More tolerance, justice, reconciliation needed
The hate was more virulent than I realized. The anger was hotter. The violence was more cruel. And the thing that surprised me the most: it was more overtly racist than I knew.
A year after the deadly Unite the Right rally in Charlottesville, Va., a new documentary shines a harsh light on the hatred that produced the kind of violence this nation assumed was a thing of the past.
Following the rally last year, I had read the news stories. I had watched coverage of it online. But the enormity of it was either not conveyed well or I just missed it.
The rally drew people — many of them trained in neo-Nazi, para-military groups — from more than 30 states. As chants of “You will not replace us” rang out, hundreds marched with torches. And that was the night before the violence boiled over. It was a sight both shocking and scary.
People were brutally beaten, stabbed and assaulted, often times right in front of police who did nothing. One woman was killed in the mayhem when a car drove through the crowd. Others were bloodied by fists, pipes and other weapons.
Is this what America is now? Violent, white power groups can gather by the hundreds and assault people without consequences? The groups were organized, they were armed, they had shields and they followed orders. What did police think was going to happen? Why did they do nothing?
In the end, there were a handful of prosecutions that resulted from the violence — the man who drove into the crowd, a group of men who severely beat a black man in a parking garage. But the rest who engaged in violence? They walked away, back to their lives and back into society.
The Frontline/ProPublica documentary that looked at the rally identified some of those involved. And who they were was surprising. One is Michael Miselis, a man who can be seen fighting, throwing rocks and assaulting people. He’s a member of the Rise Above Movement, a group based in Southern California that is a modern day skinhead organization. They are white supremacists who have been active in several violent rallies, according to the documentary. He also happened to be an aerospace engineer who was pursuing his doctorate degree at UCLA.
Another man they identified is Vasillios Pistolis, who claimed on message boards to have been in Charlottesville and claimed to have assaulted people at the rally. He is part of a neo-Nazi group called the Atomwaffen Division, according to the documentary. It turns out Pistolis was a Marine. He was eventually court-martialed for his involvement.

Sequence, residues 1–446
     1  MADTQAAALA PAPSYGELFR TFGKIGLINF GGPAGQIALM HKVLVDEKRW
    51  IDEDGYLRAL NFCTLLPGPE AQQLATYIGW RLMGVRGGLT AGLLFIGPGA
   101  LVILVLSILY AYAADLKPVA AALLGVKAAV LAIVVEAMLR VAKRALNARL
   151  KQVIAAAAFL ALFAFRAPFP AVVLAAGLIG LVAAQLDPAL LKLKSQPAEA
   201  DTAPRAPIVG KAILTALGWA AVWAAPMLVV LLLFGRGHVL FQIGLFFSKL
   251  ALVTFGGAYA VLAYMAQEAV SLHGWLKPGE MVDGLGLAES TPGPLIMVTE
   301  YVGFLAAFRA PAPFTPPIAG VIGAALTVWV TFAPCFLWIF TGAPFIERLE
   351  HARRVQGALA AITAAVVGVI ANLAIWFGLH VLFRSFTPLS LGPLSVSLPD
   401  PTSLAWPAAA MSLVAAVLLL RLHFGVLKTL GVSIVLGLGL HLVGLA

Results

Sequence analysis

These people were otherwise ordinary, normal Americans. But they harbored a hatred that many of us could never understand. And they were willing to act on that hatred. Charlottesville brought to light an overtly racist movement, no matter how small, that is active in America.
It’s sickening to know that Americans in any number feel this way about others, simply because they are not white. Or not this. Or not that.
America is growing more diverse. Census population projections show that America will be “minority white” by 2045. That year the population is expected to be 49.9 percent white. Today, that number is about 76 percent.
That future scares some people. But it shouldn’t. No matter the skin color, we are all Americans. There is more that unites us than divides us, and we need to be reminded of that regularly.
There will be more racial violence, more hatred, more groups who react in anger to the changing demographics of our country. So there must be more tolerance, more justice and more efforts to reconcile differences if America is to remain great.
Publisher Luke Horton can be reached at firstname.lastname@example.org.
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